In Grizzly Mauling, Judge Rules Pot Not the Cause

By Beacon Staff

Smoking marijuana and getting up close and personal with grizzly bears doesn’t mix. That advice was part of a May 4 ruling issued by a judge in a workers’ compensation court deciding the bizarre case of a Flathead man mauled by a grizzly he was attempting to feed at the Great Bear Adventures park in West Glacier in 2007.

At issue was whether the victim, Brock Hopkins, was an employee of Great Bear Adventures at the time of the attack and thus eligible for workers’ compensation for the severe injuries he sustained. On the other side was Russell Kilpatrick, who owns the property upon which Great Bear Adventures is located, and the Montana Uninsured Employers’ Fund.

Kilpatrick argued that Hopkins was a volunteer, and that nonprescription marijuana, which Hopkins admitted smoking on the morning of the incident, was a major cause of the bear attack.

Judge James Jeremiah Shea, of the Montana Workers’ Compensation Court, disagreed with Kilpatrick in a written decision that managed to shoehorn in a footnote to the stoner comedy, “Harold & Kumar Go to White Castle.”

“It is not as if this attack occurred when Hopkins inexplicably wandered into the grizzly pen while searching for the nearest White Castle,” Shea wrote. “Hopkins was attacked while performing a job Kilpatrick had paid him to do – feeding grizzly bears.”

“When it comes to attacking humans, grizzlies are equal opportunity maulers; attacking without regard to race, creed, ethnicity or marijuana usage. Hopkins’ use of marijuana to kick off a day of working around grizzly bears was ill-advised to say the least and mind-bogglingly stupid to say the most,” Shea added. “However, I have been presented with no evidence by which I can conclude that Hopkins’ marijuana use was the major contributing cause of the grizzly attack.”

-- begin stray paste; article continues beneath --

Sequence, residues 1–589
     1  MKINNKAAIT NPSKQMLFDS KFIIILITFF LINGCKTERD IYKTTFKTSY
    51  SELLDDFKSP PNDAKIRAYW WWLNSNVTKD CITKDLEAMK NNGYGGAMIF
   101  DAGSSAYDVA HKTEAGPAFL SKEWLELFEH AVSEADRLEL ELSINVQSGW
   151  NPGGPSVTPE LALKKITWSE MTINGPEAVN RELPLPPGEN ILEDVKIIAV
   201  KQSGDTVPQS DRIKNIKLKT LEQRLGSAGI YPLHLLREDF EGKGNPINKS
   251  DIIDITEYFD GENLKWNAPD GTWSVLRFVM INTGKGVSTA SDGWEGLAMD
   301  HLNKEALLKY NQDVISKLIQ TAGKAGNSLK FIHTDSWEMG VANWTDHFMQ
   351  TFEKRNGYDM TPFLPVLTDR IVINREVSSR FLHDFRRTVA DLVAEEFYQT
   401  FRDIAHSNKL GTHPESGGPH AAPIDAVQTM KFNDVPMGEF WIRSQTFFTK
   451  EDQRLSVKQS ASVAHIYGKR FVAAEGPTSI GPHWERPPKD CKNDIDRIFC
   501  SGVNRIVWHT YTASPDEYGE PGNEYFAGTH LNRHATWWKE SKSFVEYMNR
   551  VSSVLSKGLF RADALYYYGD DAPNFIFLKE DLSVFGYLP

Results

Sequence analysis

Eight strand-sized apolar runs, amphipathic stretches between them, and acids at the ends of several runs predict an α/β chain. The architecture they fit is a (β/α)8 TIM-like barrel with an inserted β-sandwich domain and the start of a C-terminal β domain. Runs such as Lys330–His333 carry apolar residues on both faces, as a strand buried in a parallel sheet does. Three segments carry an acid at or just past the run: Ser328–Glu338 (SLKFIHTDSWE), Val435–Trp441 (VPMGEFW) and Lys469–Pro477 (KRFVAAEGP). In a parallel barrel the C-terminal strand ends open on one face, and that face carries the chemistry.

The incident occurred on the morning of Nov. 2, 2007 when Hopkins, then 23, arrived at the bear park to begin work and, according to court documents, placed his marijuana pipe in his pocket after smoking it. The bear park, which operates from Memorial Day to Labor Day, was preparing for winter and the bears were going into hibernation.

Whether Kilpatrick and Hopkins had a specific conversation about feeding the bears is unclear; Hopkins couldn’t remember and a witness, on the phone with Kilpatrick at the time, said she remembers Kilpatrick telling Hopkins that he did not plan to feed the bears. Hopkins worked two hours on a gate, then found Kilpatrick asleep, and began mixing the bear food.

Hopkins placed his marijuana pipe on a storage shed outside the bear pen, then entered with the food, where he was attacked. Hopkins managed to crawl under the electric fence, but sustained severe injuries. Kilpatrick found Hopkins and loaded him into a truck to seek medical attention. He was flown to Kalispell Regional Medical Center via the ALERT helicopter, and underwent two surgeries for leg wounds that included a detached kneecap.

Kilpatrick argued that he did not ask Hopkins to work at the bear park that day, but conceded he instructed Hopkins to adjust the gates and, according to court documents, gave Hopkins $300 shortly after he was released from the hospital.

Shea disagreed with Kilpatrick on this point as well.

“Kilpatrick’s testimony that he gave Hopkins money on multiple occasions, ‘out of my heart’ coincidentally while Hopkins was performing ‘favors’ for Kilpatrick at the bear park is not credible,” Shea wrote. “There is a term of art used to describe the regular exchange of money for favors – it is called ‘employment.’”

According to Hopkins’ attorney, Jeffrey Ellingson, he has mostly recovered.

“He has problems, particularly with his knee and he’s got healthy scars and muscle damage,” Ellingson said. “He’s going to hurt when he’s older.”

Hopkins is now eligible for compensation from the Uninsured Employers’ Fund for the roughly $70,000 in medical expenses he incurred, Ellingson added, and has not decided whether to pursue other charges.

As for Kilpatrick, on May 24 he filed a motion for reconsideration saying, based on the original testimony in the proceedings, that, “it is a stretch to say the least for this Court to conclude that this Respondent requested Hopkins to feed the grizzlies or any other bear on the property on Nov. 2, 2007.”

In a Jan. 10, 2008 statement to the Montana Department of Labor and Industry attached to the motion to reconsider, Kilpatrick described his reaction to finding the marijuana pipe outside the bear den the morning after the attack: “I became very very angry because I then knew what had happened. In my opinion Brock could not resist one last time of harassing the bear with his habit of blowing smoke in their faces for God only knows what reason and in direct defiance of my telling him NOT to disturb them!!!”

As of press time, Kilpatrick did not return a call for comment.